Earlier this month, the Clarksville ISD school board approved a bond election that Superintendent Kermit Ward hopes will move the district forward with desperately needed renovations.
“The thing that I cannot move off of and that I find so odd is the fact that this community has never passed a bond, and I challenge anyone to find me another community that can say that,” Ward said. “Our situation and the facilities reflect that long-term neglect and can be classified as being in dire need.”
The district has created a “frequently asked questions page” and a webpage at clarksvilleisd.net/49911_1, to explain the bond package in great detail.
“We feel like what we have recommended is greatly needed and would not fall into a ‘want’ category,” the district notes on the FAQ page. “Due to the fact that CISD has never received the needed facility support from its community that is needed to remain a viable and ideally a destination district, there are many areas that should be considered high need.”
The $16.8 million bond came from a committee formed in May of 21 community members of the district, representing a wide range of people in Clarksville. The bond includes a major renovation of Cheatham Elementary School — including three new classrooms, new restrooms, relocating the library and kitchen and a new wing of classrooms that meet Texas Education Agency requirements; high school upgrades, including a new weight room; a new career and technology building for a coding and robotics programs as well as a licensed vocational nursing certification program; replacing the track; a new middle school locker room; and demolishing the old elementary school.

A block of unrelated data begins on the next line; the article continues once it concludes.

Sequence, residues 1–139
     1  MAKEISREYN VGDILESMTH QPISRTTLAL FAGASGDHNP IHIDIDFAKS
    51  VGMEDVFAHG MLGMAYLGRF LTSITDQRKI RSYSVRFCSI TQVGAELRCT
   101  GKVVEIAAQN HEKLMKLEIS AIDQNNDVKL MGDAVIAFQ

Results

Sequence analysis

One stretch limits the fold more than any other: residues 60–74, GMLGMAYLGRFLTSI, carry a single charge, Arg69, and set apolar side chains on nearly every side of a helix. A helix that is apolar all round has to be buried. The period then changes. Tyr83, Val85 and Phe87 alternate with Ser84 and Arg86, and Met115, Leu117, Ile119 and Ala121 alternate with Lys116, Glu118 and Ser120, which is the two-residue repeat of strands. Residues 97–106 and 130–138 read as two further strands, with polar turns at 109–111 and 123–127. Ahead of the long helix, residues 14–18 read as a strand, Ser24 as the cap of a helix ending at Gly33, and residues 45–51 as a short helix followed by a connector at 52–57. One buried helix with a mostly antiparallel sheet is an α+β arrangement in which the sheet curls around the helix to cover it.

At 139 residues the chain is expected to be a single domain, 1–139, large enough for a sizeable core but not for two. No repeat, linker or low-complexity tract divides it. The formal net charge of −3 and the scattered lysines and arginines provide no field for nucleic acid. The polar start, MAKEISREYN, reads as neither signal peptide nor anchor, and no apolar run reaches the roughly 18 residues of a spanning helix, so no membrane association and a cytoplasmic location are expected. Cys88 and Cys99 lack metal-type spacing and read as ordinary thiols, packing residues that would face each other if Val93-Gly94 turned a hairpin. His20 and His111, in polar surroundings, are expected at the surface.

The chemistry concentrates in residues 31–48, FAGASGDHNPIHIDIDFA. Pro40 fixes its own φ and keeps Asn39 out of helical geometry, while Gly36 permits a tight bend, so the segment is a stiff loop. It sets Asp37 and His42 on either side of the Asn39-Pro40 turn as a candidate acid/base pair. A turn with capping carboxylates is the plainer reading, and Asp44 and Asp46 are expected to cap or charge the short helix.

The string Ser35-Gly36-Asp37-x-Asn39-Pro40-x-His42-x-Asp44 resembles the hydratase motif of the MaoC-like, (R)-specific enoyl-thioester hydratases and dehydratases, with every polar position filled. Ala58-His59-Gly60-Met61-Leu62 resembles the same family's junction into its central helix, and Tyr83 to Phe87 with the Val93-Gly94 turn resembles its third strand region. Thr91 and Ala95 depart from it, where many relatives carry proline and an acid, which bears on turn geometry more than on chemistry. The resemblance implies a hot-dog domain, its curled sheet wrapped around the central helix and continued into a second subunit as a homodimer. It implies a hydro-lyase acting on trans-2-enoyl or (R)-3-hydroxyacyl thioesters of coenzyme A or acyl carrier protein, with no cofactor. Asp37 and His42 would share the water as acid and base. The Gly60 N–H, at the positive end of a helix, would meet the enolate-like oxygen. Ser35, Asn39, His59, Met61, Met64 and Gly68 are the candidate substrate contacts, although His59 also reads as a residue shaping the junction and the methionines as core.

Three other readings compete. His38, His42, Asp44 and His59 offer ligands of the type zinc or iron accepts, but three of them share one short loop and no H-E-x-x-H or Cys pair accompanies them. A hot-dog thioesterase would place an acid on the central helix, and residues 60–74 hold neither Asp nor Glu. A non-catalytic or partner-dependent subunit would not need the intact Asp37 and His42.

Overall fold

Because these major projects will take some of the load off of the district’s general fund, Clarksville ISD can also do some other upgrades, including new cafeteria equipment, new roofs, 29 HVAC units across the district and a massive upgrade to classroom technology.
The district has put off any kind of significant renovation to Cheatham Elementary for a long time — it was built in 1965 — and the building is beyond the “preventative maintenance” point, as is the district’s running track, which has grass growing up through the cracks.
In a previous article, The Paris News noted the district brought in architect firm O’Connell Robertson to determine what level of renovations were needed for the school. According to the firm, $7.8 million worth of renovations are needed just to maintain the facilities as they currently exist.
The district has already had two failed bonds, Ward said, with one in 2007 and another in 2009. Clarksville ISD hasn’t asked for a tax increase in over 12 years and right now carries no debt — unlike most districts in this area, he added. It’s past time for the district to limp along, Ward said, and time for it to really run, and he has faith in the community to do what is right for the students at Clarksville, despite initial pushback.
“Initially, they have not been in favor of it,” Ward said. “It is so very easy to keep with the tradition of saying ‘no.’ What I have learned about this community is that when the district takes the time to explain the situation, the needs and how this makes us better, the thoughts and feelings tend to change. The concerns moves from ‘does the district need it’ or not to ‘can I afford this?’”
And he believes they can. Allowing for a tax freeze on homesteads for property owners over 65, the cost of the bond would increase taxes for the average homeowner to about $7.50 per month. The district’s maintenance and operations tax rate at just a tad over $1 with a 28-cent bond tax would bring the overall tax to $1.28, and Ward said the tax rate in 2005 was much higher at $1.35.
“The average home value in Clarksville is a little over $56,000 and with a 28-cent tax increase, it results in a net increase of $7.50 per month,” Ward said. “In short, about the same as a Starbucks coffee.
“I find it hard to believe that a community would not think that kids, and their local school system is not worth that.”